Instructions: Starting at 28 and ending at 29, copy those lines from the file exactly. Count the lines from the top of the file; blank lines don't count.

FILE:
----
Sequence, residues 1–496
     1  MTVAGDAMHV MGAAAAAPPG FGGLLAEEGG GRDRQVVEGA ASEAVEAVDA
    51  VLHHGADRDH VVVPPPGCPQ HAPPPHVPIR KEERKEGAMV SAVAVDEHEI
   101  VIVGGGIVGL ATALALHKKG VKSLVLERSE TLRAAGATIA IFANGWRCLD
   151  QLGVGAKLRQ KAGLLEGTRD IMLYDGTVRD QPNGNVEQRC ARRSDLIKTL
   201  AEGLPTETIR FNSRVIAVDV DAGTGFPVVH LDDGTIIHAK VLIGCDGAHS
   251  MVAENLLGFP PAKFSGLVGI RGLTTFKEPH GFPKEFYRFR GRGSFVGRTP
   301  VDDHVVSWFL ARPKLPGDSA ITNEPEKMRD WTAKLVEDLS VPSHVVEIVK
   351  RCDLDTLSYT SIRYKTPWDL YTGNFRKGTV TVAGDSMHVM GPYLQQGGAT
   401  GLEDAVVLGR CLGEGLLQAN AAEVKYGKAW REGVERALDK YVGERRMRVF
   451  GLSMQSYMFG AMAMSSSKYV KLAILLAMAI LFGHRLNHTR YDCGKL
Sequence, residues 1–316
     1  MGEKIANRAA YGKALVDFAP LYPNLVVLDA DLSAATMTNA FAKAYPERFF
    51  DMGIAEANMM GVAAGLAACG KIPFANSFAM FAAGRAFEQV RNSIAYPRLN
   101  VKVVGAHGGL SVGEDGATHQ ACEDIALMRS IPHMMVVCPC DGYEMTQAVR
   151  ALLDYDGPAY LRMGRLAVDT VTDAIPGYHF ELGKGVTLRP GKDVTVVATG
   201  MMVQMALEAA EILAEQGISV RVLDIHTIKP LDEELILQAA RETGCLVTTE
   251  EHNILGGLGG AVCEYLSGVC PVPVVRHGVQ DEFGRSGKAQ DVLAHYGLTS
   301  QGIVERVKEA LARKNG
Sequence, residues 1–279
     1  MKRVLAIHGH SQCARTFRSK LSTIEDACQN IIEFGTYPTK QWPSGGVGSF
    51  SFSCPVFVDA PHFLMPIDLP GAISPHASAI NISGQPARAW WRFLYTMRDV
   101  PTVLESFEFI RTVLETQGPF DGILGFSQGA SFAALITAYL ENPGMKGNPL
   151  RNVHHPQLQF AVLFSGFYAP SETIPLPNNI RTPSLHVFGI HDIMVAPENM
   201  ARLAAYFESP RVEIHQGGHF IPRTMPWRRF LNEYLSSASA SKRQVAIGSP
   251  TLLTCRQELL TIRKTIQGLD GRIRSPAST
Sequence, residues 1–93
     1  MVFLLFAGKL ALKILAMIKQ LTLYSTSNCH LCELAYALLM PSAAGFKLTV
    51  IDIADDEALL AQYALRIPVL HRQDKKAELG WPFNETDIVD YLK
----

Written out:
     1  MVFLLFAGKL ALKILAMIKQ LTLYSTSNCH LCELAYALLM PSAAGFKLTV
    51  IDIADDEALL AQYALRIPVL HRQDKKAELG WPFNETDIVD YLK